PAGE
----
Feminism

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Woman with a guitar by Georges Braque, 1913.

Feminism originally was an expression used by suffragettes -who were predominantly pro-life[1][2][3]- to obtain the right for women to vote in the early 1900s in the United States and the United Kingdom. By the 1970s, however, liberals had changed the meaning to represent people who favored abortion and identical roles or quotas for women in the military and in society as a whole.

Specifically, a modern feminist denies or downplays differences between men and women, opposes the encouragement of homemaking and child-rearing for women, and seeks to participate in predominantly male activities, possibly including sexual intercourse with women. In some cases, they also are misandrists in nature and practice. Most modern feminists:

  • prefer that women wear pants rather than dresses, presumably because men do[4][5]
  • do not want gender equality; they want power for the female left[6]
  • in movies, portray the men as inherently evil, dumb or incompetent, and the women as inherently good, smart or competent (note that this conflicts with gender equality)
  • pretend that there are no meaningful differences between men and women when that advances liberal causes (e.g., women and men equally in military combat, to weaken the U.S. military), but reject equality when that results in more money to women (e.g., VAWA funding of women's groups)
  • oppose chivalry and even feign insult at harmless displays of it (see battle between the sexes)
  • view traditional marriage as unacceptably patriarchal
  • belittle and mock other women who desire to have children or raise a family[7][8]
  • shirk traditional gender activities, like baking[9]
  • support affirmative action for women
  • advocate for women in combat in the military just like men, and coed submarines
  • refuse to take her husband's last name when marrying[10]
  • believe marriage implies female servitude when it is in fact a mutual bond
  • distort historical focus onto female figures, often overshadowing important events (Eg: Henry VIII's wives take precedence in common knowledge to his actual reign.)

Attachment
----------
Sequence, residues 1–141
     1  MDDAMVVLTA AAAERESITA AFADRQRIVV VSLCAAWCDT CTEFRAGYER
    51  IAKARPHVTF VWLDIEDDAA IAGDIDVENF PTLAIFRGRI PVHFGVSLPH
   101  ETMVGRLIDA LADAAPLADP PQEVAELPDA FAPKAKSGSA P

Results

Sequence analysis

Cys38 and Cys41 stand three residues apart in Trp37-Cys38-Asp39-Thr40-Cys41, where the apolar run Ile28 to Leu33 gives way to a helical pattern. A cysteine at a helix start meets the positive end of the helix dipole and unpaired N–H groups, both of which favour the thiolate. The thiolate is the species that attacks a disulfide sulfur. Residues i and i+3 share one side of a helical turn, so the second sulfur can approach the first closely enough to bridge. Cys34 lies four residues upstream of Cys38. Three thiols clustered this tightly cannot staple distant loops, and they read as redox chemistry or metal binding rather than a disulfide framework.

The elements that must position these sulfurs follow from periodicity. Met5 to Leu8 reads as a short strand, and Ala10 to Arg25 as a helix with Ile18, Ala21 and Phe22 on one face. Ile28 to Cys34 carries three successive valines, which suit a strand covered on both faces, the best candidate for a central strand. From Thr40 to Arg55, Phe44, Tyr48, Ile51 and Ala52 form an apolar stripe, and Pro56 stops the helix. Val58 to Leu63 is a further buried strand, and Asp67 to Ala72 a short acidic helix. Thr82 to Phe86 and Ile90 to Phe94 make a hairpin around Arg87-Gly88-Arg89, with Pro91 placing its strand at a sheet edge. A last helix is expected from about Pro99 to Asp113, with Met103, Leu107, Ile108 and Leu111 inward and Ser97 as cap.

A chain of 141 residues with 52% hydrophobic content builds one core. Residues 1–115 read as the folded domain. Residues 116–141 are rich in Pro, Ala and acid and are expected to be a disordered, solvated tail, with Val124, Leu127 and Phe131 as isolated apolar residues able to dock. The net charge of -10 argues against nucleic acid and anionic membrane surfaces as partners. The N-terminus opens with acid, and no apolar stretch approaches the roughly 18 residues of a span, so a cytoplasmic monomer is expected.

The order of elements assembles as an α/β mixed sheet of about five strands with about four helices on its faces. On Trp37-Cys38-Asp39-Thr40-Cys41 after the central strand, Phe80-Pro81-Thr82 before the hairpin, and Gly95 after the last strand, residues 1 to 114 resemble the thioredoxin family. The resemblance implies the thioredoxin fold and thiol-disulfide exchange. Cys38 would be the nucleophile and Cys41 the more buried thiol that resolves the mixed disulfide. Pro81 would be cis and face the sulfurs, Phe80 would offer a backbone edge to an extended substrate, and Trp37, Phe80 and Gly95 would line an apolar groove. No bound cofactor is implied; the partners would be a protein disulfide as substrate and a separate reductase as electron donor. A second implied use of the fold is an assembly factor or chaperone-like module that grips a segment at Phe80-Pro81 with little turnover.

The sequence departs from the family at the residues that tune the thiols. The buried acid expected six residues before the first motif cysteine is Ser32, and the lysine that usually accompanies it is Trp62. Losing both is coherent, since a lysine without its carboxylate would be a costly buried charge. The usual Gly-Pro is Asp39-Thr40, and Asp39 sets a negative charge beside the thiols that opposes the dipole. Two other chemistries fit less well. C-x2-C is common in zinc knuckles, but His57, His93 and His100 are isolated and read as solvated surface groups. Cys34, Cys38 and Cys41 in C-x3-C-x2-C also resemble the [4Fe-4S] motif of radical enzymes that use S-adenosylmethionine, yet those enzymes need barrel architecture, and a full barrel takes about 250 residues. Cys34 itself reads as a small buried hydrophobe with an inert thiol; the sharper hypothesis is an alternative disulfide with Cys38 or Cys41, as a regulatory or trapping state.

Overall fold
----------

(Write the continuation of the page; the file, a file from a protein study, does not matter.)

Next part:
• often condemn the God-given order of gender roles, as laid out in the Holy Bible
  • object to being addressed as "ma'am," or feminine nicknames such as "sweetheart" or "honey";[11] object to other female-only names, such as "temptress"
  • take offense at grammatical rules of the English language, like using the pronoun "he" when referring to a hypothetical/anonymous person, or phrases like 'fireman' and 'stewardess.'
  • support the homosexual agenda
  • push propaganda that implies that women weren't allowed to be granted an education until the 1960s, and all education beforehand was granted solely to "rich white males."

Contents

History

Roots of the movement in the United States and the United Kingdom include the Women's Suffrage movement of the early 1900s and the Women's Liberation (or "Second Wave Feminist") movement of the 1960s and 1970s. Second Wave Feminism had its roots from Betty Friedan and Simone de Beauvoir, who both advocated for the abolition of the career of housewife with the false implication that it was comparable to a Nazi concentration camp or a parasite.

The Equal Rights Amendment, which proponents claimed would address the inadequacies of the Fourteenth Amendment concerning women and citizenship, was proposed in the US in 1923. The amendment passed Congress in 1972 but was ultimately defeated, falling just three states short of the required three-quarters majority on June 30, 1982. Some conservatives, particularly Phyllis Schlafly, felt that its passage would entail adverse consequences, including making girls subject to the military draft, requiring taxpayer-funded abortion, the end of single-sex schools and classes, requiring the issuance of homosexual marriage licenses, and the revocation of laws that protect women in dangerous jobs, such as factory or mining work. Indeed, in states that passed their own versions of ERA, several of these results were subsequently ordered by courts.[12]